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S ubjectivity and the C onstruction of E motion in the M usic of B jörk

S ubjectivity and the C onstruction of E motion in the M usic of B jörk ABSTRACT A commonly held reception theory for popular song is that it constitutes an expression of emotional experience belonging either to the performer(s), to the listener, or to a virtual third person. Drawing on the belief that music is capable of affording subject positions on behalf of its listeners, the present article argues that organised sound is not only capable of representing or embodying a pre‐existent affective experience, but that it contributes uniquely to the idea of what emotion is and of how it is perceived. In this respect music can be understood as participating in the cultural construction of feeling that has helped to shape the identity of the modern Western subject. Two tracks by Björk are presented as case study illustrations of this thesis: ‘Unison’ (Vespertine 2001) and the music video ‘Jóga’ (Volumen 1999). Thus Björk's music, along with the discursive media surrounding it, is shown to rely upon a distinctive expressive vocabulary aimed at communicating a particular kind of embodied subjectivity. http://www.deepdyve.com/assets/images/DeepDyve-Logo-lg.png Music Analysis Wiley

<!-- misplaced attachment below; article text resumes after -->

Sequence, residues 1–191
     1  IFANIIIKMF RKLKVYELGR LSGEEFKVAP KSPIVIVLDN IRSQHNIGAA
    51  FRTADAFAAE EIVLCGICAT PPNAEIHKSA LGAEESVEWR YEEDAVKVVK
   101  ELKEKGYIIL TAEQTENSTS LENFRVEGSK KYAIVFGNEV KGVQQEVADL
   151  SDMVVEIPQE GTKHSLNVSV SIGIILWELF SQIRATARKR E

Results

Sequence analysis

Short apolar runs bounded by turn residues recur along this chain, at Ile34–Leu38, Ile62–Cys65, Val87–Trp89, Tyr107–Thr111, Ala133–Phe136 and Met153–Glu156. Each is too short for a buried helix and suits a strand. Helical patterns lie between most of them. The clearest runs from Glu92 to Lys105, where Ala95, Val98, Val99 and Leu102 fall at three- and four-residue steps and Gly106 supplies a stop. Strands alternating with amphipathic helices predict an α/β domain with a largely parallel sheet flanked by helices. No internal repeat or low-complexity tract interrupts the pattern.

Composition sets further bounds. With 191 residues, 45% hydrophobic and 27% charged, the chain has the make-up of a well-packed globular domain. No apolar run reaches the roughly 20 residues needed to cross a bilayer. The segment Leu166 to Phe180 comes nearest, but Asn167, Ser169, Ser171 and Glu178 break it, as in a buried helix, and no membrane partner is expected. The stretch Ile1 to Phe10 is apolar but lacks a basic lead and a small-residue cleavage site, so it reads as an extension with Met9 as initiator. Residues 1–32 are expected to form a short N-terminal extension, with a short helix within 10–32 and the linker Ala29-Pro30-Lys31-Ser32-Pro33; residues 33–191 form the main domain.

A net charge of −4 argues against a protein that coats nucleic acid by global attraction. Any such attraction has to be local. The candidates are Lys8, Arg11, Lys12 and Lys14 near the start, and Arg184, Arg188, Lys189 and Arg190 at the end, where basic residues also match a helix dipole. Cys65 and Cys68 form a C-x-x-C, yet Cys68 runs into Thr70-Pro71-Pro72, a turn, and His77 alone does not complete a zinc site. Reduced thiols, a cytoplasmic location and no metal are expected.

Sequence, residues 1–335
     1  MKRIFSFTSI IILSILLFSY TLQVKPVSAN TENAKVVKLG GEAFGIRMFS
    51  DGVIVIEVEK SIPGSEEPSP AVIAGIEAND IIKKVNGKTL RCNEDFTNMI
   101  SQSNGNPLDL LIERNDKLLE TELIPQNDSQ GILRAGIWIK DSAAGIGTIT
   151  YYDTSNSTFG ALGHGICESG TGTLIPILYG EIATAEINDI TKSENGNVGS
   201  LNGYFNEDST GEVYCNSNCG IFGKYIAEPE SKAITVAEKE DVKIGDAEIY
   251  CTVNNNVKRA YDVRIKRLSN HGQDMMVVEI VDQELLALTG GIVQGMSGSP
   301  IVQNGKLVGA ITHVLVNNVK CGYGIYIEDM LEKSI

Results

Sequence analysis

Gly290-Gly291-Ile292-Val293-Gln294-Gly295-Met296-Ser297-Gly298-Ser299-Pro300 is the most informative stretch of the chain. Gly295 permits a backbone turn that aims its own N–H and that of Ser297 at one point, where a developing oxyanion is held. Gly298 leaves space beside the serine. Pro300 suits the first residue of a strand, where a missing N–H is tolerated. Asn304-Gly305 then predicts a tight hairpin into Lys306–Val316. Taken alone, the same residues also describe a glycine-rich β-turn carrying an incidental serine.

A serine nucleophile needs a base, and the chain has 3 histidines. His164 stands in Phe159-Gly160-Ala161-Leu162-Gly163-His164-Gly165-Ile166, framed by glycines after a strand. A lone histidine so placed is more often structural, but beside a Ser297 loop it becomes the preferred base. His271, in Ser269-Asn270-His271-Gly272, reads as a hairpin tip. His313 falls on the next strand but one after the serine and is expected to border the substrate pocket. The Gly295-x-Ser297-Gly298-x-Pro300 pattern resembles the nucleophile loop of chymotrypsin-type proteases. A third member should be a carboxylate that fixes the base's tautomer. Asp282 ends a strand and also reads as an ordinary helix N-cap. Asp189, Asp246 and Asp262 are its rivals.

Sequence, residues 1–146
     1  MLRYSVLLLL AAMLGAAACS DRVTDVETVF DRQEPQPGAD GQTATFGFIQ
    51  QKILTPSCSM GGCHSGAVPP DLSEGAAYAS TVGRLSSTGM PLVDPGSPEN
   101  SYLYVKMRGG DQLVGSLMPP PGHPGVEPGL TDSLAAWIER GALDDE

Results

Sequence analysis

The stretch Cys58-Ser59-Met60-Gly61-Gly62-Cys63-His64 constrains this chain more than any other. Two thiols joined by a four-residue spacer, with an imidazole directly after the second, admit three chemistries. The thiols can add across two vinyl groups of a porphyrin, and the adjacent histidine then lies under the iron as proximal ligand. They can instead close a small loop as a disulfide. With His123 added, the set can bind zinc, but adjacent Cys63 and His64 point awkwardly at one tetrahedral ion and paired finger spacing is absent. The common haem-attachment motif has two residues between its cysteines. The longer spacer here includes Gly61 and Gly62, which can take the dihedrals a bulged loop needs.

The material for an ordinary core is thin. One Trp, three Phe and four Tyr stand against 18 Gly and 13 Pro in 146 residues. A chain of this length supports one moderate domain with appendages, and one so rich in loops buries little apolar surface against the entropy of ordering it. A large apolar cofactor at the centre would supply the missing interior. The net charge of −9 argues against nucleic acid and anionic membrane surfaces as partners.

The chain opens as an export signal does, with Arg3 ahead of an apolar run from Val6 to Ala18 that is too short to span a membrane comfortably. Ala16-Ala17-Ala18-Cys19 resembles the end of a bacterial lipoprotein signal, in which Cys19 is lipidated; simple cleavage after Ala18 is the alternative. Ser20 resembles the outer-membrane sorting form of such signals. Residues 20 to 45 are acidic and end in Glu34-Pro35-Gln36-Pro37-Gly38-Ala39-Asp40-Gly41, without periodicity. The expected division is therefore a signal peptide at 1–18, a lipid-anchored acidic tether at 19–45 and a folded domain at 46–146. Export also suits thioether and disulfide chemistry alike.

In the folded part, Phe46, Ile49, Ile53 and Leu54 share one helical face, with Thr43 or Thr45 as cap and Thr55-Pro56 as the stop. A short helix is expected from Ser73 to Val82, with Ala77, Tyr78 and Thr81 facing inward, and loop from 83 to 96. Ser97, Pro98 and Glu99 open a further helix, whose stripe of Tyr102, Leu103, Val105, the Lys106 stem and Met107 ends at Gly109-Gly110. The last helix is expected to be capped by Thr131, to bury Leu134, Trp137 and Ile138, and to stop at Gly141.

S ubjectivity and the C onstruction of E motion in the M usic of B jörk

Music Analysis , Volume 25 (1‐2) – Mar 1, 2006

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Publisher
Wiley
Copyright
Copyright © 2006 Wiley Subscription Services, Inc., A Wiley Company
ISSN
0262-5245
eISSN
1468-2249
DOI
10.1111/j.1468-2249.2006.00237.x
Publisher site
See Article on Publisher Site

Abstract

ABSTRACT A commonly held reception theory for popular song is that it constitutes an expression of emotional experience belonging either to the performer(s), to the listener, or to a virtual third person. Drawing on the belief that music is capable of affording subject positions on behalf of its listeners, the present article argues that organised sound is not only capable of representing or embodying a pre‐existent affective experience, but that it contributes uniquely to the idea of what emotion is and of how it is perceived. In this respect music can be understood as participating in the cultural construction of feeling that has helped to shape the identity of the modern Western subject. Two tracks by Björk are presented as case study illustrations of this thesis: ‘Unison’ (Vespertine 2001) and the music video ‘Jóga’ (Volumen 1999). Thus Björk's music, along with the discursive media surrounding it, is shown to rely upon a distinctive expressive vocabulary aimed at communicating a particular kind of embodied subjectivity.

Journal

Music AnalysisWiley

Published: Mar 1, 2006

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